For the first time ever, a police drone will keep a watchful eye on the New Year’s Eve ball drop in New York’s Times Square, as first reported by the Associated Press. The New York City Police Department deployed the gadget to keep the festivities safe, in addition to the 7,000 police officers it has on deck, bomb-sniffing dogs, and 200 blocker trucks filled with sand.
The quadcopter drone will be controlled remotely by trained police and will help give a bird’s-eye view of the massive crowds, although it will be fairly hard for passersby to spot, given its height in the air. While the police commissioner has said that there are no known threats to the New Year’s festivities, it’s pretty standard protocol for the police to come out in large numbers during big events.
The drone will also help detect any other unmanned vehicles in the air that aren’t authorized to fly, in addition to the cameras and police helicopters that usually keep watch. It will be tethered to a building and flown in an off-limits area so that in the event it crashes, nobody will get hurt from standing underneath, according to AP.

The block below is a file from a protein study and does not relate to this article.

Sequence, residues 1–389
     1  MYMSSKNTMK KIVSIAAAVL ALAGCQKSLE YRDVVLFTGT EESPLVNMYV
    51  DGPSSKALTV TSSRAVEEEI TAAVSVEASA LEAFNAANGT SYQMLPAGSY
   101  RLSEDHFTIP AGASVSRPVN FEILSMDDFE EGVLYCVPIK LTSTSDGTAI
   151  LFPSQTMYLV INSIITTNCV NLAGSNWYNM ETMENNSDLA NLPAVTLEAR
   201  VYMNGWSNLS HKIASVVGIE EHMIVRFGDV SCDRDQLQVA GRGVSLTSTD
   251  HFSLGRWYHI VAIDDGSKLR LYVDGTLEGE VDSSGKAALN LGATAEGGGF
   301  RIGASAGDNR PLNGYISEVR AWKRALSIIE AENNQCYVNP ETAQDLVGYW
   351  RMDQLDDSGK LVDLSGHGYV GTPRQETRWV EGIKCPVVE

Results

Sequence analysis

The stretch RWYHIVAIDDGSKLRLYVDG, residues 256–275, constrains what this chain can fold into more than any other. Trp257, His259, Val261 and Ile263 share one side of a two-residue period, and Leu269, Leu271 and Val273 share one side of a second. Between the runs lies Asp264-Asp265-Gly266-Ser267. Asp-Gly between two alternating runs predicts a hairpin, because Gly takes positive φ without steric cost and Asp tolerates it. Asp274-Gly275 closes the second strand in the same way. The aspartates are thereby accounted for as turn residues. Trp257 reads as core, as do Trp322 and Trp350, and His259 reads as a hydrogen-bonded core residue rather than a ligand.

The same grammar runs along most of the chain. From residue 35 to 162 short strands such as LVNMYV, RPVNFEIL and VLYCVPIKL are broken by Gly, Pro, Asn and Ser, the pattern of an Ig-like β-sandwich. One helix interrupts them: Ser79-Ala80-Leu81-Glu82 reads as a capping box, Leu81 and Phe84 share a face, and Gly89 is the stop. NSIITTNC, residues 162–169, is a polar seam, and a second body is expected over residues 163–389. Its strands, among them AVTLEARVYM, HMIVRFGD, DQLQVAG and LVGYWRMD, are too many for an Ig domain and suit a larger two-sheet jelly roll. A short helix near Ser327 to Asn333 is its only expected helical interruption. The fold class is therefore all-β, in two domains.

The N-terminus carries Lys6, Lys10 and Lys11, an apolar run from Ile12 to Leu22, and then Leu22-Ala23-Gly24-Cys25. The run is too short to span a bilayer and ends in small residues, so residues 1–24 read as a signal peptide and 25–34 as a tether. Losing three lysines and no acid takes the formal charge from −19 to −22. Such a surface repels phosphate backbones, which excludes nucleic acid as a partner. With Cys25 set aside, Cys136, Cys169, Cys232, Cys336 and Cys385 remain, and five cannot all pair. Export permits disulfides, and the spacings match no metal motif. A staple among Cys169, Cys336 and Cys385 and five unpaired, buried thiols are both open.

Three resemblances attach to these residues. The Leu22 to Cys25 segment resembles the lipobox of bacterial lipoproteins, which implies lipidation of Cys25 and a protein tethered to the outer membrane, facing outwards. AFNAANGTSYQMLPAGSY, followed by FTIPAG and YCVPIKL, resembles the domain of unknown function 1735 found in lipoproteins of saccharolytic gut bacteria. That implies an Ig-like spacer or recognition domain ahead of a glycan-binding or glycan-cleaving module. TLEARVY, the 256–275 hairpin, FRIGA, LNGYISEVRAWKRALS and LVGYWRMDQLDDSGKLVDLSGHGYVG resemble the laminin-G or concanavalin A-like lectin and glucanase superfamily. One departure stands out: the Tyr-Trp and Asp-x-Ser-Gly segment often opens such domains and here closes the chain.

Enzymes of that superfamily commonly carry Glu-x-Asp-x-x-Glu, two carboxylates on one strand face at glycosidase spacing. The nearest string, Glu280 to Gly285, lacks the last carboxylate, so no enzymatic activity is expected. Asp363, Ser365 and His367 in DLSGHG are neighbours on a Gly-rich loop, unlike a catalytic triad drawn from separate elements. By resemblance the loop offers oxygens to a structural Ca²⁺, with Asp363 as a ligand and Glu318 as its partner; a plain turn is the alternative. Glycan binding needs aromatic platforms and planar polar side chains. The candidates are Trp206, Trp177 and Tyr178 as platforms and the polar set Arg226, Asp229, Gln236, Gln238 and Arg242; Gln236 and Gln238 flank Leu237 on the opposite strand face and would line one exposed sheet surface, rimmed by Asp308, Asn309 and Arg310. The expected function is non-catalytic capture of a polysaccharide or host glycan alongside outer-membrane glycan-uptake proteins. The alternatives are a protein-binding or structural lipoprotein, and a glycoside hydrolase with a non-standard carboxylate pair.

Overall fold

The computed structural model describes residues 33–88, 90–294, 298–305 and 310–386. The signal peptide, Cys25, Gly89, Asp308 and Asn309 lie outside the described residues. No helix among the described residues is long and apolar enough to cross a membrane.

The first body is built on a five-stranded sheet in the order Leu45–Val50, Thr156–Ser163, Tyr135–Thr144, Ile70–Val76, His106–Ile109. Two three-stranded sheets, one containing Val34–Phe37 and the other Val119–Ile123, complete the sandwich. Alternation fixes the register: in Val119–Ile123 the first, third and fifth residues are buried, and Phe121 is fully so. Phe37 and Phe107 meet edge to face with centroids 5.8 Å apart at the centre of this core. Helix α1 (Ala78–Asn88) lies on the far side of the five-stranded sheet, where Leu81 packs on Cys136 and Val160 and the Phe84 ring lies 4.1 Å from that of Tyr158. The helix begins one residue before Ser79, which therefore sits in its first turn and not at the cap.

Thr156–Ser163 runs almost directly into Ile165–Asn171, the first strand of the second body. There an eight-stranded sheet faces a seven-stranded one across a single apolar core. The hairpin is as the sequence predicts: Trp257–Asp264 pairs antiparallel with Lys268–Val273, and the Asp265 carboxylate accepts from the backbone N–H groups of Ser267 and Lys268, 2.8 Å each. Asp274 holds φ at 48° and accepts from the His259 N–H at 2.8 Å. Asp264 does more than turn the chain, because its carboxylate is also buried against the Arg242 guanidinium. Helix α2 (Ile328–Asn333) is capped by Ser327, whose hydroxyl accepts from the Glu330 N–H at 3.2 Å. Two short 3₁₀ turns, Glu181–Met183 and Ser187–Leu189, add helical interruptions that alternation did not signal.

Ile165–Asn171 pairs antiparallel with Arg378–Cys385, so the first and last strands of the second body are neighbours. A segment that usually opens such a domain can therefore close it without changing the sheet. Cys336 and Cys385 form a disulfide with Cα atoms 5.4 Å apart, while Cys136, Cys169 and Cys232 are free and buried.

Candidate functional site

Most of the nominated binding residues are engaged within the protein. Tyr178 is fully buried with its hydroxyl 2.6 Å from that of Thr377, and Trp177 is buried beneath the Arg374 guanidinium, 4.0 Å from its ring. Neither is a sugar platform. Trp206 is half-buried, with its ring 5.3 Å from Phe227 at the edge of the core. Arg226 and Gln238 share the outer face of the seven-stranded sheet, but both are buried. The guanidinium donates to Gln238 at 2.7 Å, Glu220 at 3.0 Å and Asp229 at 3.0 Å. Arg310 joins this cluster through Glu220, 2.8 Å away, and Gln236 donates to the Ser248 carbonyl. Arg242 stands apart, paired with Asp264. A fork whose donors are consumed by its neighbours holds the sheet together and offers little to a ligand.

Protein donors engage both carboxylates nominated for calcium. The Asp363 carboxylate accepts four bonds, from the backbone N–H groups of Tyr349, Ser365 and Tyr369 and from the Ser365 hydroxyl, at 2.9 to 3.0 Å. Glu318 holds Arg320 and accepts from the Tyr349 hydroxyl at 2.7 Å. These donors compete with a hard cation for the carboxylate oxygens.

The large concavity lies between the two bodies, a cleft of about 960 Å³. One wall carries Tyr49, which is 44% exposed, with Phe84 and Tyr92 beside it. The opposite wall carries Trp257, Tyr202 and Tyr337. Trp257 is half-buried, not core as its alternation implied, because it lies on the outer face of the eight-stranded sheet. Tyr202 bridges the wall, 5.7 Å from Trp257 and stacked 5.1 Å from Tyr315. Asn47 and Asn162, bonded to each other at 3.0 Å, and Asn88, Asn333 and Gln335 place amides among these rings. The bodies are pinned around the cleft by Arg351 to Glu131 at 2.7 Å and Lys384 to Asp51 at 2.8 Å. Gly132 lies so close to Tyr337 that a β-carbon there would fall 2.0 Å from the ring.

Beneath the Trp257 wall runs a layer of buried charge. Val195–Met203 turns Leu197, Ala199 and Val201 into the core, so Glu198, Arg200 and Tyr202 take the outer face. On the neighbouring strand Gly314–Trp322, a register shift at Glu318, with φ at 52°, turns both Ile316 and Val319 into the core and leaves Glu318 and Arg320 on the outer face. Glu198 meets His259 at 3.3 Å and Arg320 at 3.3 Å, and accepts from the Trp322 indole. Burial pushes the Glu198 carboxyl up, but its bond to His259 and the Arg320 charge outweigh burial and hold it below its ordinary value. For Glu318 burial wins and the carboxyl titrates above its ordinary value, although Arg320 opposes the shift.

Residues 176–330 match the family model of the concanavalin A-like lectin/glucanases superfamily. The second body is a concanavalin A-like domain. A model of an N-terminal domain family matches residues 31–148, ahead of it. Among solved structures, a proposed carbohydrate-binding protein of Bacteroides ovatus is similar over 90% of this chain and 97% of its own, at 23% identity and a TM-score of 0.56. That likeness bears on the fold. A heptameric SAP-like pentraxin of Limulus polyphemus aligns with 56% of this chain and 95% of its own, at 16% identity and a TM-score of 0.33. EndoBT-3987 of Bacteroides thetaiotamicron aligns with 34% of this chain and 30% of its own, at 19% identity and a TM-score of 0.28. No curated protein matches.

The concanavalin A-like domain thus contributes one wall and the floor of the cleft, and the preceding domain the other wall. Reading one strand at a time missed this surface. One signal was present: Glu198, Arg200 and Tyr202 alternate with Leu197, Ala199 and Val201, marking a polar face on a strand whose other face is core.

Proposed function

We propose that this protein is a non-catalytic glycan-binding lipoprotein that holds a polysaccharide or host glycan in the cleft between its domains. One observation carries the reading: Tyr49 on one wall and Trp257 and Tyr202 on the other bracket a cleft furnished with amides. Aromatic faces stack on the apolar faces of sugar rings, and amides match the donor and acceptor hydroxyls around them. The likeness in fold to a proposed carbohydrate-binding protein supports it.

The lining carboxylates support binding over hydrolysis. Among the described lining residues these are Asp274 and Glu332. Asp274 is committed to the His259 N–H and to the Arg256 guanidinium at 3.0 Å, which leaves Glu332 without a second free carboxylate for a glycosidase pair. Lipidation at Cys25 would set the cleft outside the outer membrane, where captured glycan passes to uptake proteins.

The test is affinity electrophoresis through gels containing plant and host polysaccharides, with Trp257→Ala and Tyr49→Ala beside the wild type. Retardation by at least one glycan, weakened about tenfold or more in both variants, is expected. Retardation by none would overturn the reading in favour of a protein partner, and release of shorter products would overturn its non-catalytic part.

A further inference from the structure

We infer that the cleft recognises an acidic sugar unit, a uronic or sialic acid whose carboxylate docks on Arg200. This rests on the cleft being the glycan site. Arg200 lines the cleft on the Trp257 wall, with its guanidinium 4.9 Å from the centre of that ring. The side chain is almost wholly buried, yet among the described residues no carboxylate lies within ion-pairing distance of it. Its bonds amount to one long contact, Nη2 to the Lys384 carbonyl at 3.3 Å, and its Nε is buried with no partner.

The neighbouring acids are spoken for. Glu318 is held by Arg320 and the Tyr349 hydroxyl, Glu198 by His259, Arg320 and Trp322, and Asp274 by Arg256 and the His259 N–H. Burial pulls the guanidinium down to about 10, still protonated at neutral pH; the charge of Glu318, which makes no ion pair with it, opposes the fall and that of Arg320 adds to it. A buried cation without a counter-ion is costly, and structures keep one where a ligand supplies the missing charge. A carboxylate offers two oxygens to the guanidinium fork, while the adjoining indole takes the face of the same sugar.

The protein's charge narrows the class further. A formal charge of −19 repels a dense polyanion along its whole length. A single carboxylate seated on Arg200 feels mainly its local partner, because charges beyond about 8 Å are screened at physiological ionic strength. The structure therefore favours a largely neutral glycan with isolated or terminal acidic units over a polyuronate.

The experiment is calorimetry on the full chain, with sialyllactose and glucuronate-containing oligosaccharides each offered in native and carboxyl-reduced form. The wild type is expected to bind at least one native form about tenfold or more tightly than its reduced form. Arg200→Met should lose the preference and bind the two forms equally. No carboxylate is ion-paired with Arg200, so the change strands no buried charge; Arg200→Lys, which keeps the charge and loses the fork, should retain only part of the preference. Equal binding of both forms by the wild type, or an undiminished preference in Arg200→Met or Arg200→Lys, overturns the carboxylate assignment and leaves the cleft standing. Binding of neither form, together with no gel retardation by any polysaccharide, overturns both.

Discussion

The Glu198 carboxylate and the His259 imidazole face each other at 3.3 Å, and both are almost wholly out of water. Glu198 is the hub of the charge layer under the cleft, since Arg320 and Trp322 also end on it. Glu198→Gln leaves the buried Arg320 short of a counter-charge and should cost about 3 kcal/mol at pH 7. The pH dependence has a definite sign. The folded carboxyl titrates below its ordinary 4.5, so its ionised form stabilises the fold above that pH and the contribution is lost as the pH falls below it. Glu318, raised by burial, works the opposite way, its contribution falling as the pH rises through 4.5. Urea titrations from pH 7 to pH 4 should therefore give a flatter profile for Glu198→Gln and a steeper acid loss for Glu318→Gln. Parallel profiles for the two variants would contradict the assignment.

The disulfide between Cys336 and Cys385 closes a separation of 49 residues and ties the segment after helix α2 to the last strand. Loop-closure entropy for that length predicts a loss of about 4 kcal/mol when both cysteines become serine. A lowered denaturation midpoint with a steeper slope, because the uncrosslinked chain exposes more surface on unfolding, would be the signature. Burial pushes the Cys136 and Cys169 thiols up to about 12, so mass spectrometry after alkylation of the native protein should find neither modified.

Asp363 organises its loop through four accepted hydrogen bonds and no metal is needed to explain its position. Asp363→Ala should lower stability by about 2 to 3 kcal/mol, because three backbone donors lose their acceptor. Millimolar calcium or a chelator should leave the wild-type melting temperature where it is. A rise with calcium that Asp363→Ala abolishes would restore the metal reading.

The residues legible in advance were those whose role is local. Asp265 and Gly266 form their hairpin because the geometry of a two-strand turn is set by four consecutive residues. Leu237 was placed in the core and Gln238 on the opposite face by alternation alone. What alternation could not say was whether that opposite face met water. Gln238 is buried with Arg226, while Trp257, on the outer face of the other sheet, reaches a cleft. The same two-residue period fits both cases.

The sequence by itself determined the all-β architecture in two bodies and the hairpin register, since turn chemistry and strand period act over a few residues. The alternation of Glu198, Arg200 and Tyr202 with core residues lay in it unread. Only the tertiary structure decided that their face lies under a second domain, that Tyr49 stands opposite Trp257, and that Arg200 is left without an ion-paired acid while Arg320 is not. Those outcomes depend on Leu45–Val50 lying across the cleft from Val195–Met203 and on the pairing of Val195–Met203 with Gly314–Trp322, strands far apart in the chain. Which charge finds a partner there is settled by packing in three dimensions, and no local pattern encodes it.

With new tech comes greater responsibility
Drones are relatively new to the New York police force: the NYPD only announced it had acquired them for the first time earlier this month. At the time, Police Commissioner James P. O’Neill said in a statement that the police “must always be willing to leverage the benefits of new and always-improving technology.” Some of the drones have thermal-imaging and can map an area in 3D or zoom into an object using their camera lenses.
In recent years, the NYPD has made efforts to modernize. Last year, the force gave up its 36,000 Windows phones and began to make the transition to iPhones instead. And after years of preparation, cops started to wear body cameras in order to provide greater accountability for their actions and a means of keeping police safe. Although the police force hit a minor snag in October when one of the cameras caught on fire, the stated goal has been to provide one camera for every officer by the end of 2019. With the additional cameras however, both body cams and drones have become the topic of conversation among local advocacy groups who caution that not enough is being done to safeguard individuals’ rights to privacy.